My agoraphobia developed as a result of hiding in my house and not leaving for six months from pure fear, having had a breakdown at school, hence making me nervous of being away from where I previously felt safe. When you walk down Queen Street, you probably are concentrating on the shops and where you want to go next. For me, I have to control myself to make sure I don’t panic, because it feels like my worst nightmare has come to life. Other sufferers have described agoraphobia as feeling rooted to a spot, which is very accurate. When the panic kicks in, and you realise you aren’t near somewhere safe, like a car or your home, you feel as if everything is closing in on you. Occasionally it gets so bad I am genuinely convinced that it’s game over for good. I have previously collapsed in public from blood pressure dipping from severe anxiety, but this would be different for everyone, and is very rare.
Social lives are the most difficult part in my opinion. I sit at the front of lectures. I don’t drink because it brings up feelings that remind me of panic attacks. I have never been to a nightclub. I have to make excuses for not attending bigger social events. I therefore feel as if I don’t have any close friends. I know deep down that I do, but it’s hard to lie in bed at night listening to people going out and not feel different, particularly when you feel that it’s robbed you of years of your life. All of this is because of fear of what might happen. That fear is the trigger for more fear. You then feel physically drained from the constant battle, which makes you worry even more, and a cycle develops. I feel as if I’ve broken this cycle now, but I’m having to make up on lost time, and it’s desperately tough to keep motivated to experience a ‘normal’ social life.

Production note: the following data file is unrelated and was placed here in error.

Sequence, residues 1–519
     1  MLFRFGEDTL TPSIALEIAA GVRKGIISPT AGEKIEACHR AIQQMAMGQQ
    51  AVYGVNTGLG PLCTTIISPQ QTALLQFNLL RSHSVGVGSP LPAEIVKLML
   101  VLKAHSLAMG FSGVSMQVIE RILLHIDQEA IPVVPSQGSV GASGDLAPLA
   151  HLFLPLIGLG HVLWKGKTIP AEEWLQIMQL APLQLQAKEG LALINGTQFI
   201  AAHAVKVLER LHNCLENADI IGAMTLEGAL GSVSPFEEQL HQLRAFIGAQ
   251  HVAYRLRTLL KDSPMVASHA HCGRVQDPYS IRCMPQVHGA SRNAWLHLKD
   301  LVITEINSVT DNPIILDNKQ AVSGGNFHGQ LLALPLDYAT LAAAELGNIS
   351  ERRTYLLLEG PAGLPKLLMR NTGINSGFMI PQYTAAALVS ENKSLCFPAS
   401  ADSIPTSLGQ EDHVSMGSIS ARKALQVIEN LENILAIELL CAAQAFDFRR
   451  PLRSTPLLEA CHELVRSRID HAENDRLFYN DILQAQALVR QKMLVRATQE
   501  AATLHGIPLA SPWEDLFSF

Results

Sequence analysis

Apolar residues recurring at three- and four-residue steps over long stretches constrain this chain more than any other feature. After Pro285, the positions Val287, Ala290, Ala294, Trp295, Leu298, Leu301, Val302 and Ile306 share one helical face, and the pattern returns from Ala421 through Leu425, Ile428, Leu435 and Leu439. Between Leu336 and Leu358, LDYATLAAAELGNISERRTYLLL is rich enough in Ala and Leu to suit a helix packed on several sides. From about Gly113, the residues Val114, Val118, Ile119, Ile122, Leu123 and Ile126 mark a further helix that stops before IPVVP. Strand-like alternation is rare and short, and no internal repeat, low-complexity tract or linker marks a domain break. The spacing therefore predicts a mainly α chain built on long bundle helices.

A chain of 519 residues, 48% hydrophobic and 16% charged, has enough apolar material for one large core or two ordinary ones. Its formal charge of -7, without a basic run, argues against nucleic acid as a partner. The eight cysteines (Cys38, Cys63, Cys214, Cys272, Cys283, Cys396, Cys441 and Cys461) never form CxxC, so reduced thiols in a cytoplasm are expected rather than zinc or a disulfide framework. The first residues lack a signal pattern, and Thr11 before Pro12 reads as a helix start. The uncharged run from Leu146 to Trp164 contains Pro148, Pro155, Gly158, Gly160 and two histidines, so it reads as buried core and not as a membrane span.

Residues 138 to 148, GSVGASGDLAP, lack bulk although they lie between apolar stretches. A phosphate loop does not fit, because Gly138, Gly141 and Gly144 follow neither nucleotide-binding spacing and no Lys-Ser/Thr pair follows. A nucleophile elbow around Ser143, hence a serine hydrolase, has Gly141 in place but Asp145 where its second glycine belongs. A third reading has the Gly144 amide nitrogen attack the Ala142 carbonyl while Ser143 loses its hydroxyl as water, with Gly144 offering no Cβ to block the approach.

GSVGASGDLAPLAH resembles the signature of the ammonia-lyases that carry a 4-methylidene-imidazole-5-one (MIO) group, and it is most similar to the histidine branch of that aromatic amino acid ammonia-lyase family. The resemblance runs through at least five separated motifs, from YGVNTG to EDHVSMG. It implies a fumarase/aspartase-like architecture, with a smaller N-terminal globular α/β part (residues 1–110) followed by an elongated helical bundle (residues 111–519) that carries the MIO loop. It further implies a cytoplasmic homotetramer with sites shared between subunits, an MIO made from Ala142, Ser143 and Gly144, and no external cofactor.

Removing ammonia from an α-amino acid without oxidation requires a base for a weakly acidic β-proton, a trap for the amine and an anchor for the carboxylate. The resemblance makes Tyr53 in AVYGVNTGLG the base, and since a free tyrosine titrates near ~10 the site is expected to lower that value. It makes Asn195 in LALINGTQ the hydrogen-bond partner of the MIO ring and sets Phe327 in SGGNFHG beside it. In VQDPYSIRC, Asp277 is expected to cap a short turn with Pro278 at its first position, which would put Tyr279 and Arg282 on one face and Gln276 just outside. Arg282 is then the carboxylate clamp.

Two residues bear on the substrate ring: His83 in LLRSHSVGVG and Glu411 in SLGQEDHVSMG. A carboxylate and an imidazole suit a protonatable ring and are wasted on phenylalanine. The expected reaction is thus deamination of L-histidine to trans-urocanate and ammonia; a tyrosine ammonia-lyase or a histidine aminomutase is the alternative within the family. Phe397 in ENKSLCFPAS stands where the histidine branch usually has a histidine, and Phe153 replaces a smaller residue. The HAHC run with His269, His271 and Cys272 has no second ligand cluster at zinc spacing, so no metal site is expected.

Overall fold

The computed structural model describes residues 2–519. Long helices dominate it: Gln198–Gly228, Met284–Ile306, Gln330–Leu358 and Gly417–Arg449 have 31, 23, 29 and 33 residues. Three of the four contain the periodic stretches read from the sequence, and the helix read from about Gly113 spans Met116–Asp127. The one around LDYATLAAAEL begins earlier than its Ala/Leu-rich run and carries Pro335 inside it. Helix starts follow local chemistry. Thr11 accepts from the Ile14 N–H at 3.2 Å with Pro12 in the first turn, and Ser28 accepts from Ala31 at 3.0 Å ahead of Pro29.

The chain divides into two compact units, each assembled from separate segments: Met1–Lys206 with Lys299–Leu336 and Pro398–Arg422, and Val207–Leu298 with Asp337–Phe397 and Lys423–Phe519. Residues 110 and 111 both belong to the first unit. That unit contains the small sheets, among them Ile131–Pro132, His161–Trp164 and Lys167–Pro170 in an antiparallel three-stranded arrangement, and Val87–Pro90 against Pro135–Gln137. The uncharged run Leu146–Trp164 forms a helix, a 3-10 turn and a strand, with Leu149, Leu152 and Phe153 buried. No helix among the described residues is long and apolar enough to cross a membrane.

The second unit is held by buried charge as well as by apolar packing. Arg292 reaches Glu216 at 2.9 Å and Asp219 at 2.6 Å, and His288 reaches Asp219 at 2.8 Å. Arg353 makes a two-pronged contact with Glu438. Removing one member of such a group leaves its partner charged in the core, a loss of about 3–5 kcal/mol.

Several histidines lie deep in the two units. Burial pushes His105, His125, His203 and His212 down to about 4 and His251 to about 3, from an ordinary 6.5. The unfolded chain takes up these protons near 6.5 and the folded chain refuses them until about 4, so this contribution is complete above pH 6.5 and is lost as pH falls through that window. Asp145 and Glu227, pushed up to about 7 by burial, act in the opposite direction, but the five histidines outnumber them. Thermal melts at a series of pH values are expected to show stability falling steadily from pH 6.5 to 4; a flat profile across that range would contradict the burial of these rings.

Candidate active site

So what can you do if you’re struggling? The first step is to talk to someone close to you. I only recently opened up to my flatmates about how I really feel and they were wonderfully supportive. They spot when I don’t feel too good and can help me tackle it. There’s usually underlying issues that can cause an anxiety disorder, so it would be worth having a chat to your GP about receiving counselling. Counselling often gets called a waste of time, but I can guarantee that it isn’t. I gave up on it after my councillor suggested I might be autistic because of how sedated my medication made me appear, but after trying again three years later I regret not taking it up earlier, because it could have helped me get much better sooner. I even started a mental health campaign on campus before I admitted that I could do with someone to talk to! It’s basically a glorified chat. You’re sat in a room with a lovely man or woman who listens to you, and talks to you in a friendly way. You can say anything to them without judgement, and without feeling bound like if they were family or friends.
Be wary of medication for anxiety; I strongly believe it should be a last resort, when all else has failed, unlike in my situation. Finally, and most importantly, you aren’t going mad. You’re very sane, and you’re not as different as you feel.
If you’re interested in helping us make a difference with mental health of all varieties on campus and beyond, get in touch with ‘The Mental Youth’ on Facebook, or look at our website: thementalyouth.org. We need to break the stigma surrounding mental problems and help people realise that we aren’t mad, odd or beyond help. We’re normal people just like them. We just have a few different challenges to tackle.